LAKE BUENA VISTA, Fla. — Mike Rizzo didn’t divulge any juicy developments to the ravenous horde of media members crowding the Washington Nationals’ suite at Walt Disney World Swan and Dolphin Resort on Monday afternoon. He arrived at the winter meetings just 90 minutes earlier. He had time to settle into his club’s headquarters and not much else.
“Getting here was my biggest activity today,” the Nationals general manager said as assistant general manager Bob Miller and Manager Dave Martinez sat at a table a few feet away.
Rizzo said team officials were slated to meet after he addressed the media. Appointments, presumably with agents and other clubs, were scheduled for after that. On the Nationals’ agenda: acquiring bench pieces, right-handed relievers and starting pitching depth. Not on the Nationals’ agenda, at least according to Rizzo: acquiring a catcher to supplant Matt Wieters, prioritizing a middle infielder with everyday experience to fill in if Daniel Murphy misses time after October microfracture knee surgery or making any sort of a splash.
We’ll “just kind of do our stuff on the periphery of the roster,” Rizzo said.
The modest plan, Rizzo insisted, is not a product of any financial constraints from ownership even after the Nationals crossed the competitive tax threshold for the first time last season and are not far from doing so again for 2018.
“There’s no hindrance of us improving our club in any way we think possible,” Rizzo said. “Obviously, we’re going to be prudent about what we spend and who we spend it on. We haven’t had a mandate to spend under a certain number and we don’t going into this season.”
One area in which the Nationals are certain to spend is the right-handed reliever sweepstakes, which has been the liveliest slice of the market. The Nationals currently have Ryan Madson, Koda Glover, Shawn Kelley, Wander Suero and Austin Adams on their 40-man roster, but Madson is considered the only reliable right-handed relief option of the bunch.
Brandon Morrow, Luke Gregerson and Pat Neshek are among the righties that have secured multiyear contracts. More are expected to find homes in the next couple days.
Washington has expressed interest in re-signing Brandon Kintzler, who is drawing interest from a variety of other clubs, although none have made offers, according to a person with knowledge of the situation. They also checked in on Hector Rondon when he wasn’t tendered a contract by the Cubs earlier in the month and have asked about Addison Reed, according to people with knowledge of the situation. Matt Albers would like to return but the Nationals haven’t indicated a desire to bring him back, though that could always change.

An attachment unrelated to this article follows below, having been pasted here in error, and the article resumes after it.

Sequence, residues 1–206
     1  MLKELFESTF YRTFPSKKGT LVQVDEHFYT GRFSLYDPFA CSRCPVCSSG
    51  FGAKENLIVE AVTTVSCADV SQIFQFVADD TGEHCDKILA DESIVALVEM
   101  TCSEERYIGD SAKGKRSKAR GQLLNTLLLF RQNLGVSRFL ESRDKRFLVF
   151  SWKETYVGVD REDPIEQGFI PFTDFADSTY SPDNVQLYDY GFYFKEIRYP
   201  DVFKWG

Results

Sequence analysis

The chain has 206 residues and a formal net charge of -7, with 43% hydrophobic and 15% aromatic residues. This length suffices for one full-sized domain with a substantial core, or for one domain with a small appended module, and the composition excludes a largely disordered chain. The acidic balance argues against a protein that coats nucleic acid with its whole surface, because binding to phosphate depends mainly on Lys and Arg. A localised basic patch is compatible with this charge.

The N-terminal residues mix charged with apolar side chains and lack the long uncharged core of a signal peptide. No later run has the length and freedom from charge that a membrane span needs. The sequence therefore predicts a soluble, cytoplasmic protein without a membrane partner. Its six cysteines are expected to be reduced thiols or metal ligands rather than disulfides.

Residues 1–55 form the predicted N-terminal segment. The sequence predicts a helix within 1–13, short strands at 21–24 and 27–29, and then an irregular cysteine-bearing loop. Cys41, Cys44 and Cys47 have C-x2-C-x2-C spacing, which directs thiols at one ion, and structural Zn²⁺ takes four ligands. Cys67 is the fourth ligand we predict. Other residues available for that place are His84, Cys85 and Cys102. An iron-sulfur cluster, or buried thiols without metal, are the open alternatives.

Greg Holland and Wade Davis, considered the two best right-handed relievers, are also still available. They would come at steeper prices as proven closers, but would give the Nationals a formidable three-headed relief monster comparable with other contending clubs’ threesomes.
“We’re going to look for the best value we can get,” Rizzo said. “We’ll identify guys that we like and if we can get a value that we think fits for our club.”
As for the starting rotation, Rizzo emphasized he has confidence in his internal options for the fifth spot, which will be vacant for at least a good chunk of the season as Joe Ross recovers from Tommy John surgery. Those options are Erick Fedde, who finished his season on the disabled list, and A.J. Cole, who finished his season with his best stretch as a big leaguer.
“A.J. Cole threw the ball extremely well in his last seven starts last year,” Rizzo said. “Stuff was good. It upticked at the end of the season and, of course, we love Fedde. He’ll be healthy and have some major league time under his belt so we feel good with where we’re at. What we need to look for is depth because it’s a long season and very few seasons you go through with five starters.”
But Rizzo doesn’t have an extensive history of adding mediocre starters merely for rotation depth. He tends to aim higher, and the possibilities include Jake Arrieta in free agency and Gerrit Cole via trade.
Behind the plate, Rizzo said he views Wieters, who was one of the worst everyday players in baseball last season, as a “bounce-back candidate.” He confirmed the Nationals plan to have him play fewer games. Pedro Severino will pick up the slack as the backup.
But everything is subject to change. Rizzo and the Nationals were just settling in for what should be a hectic week across the sport.
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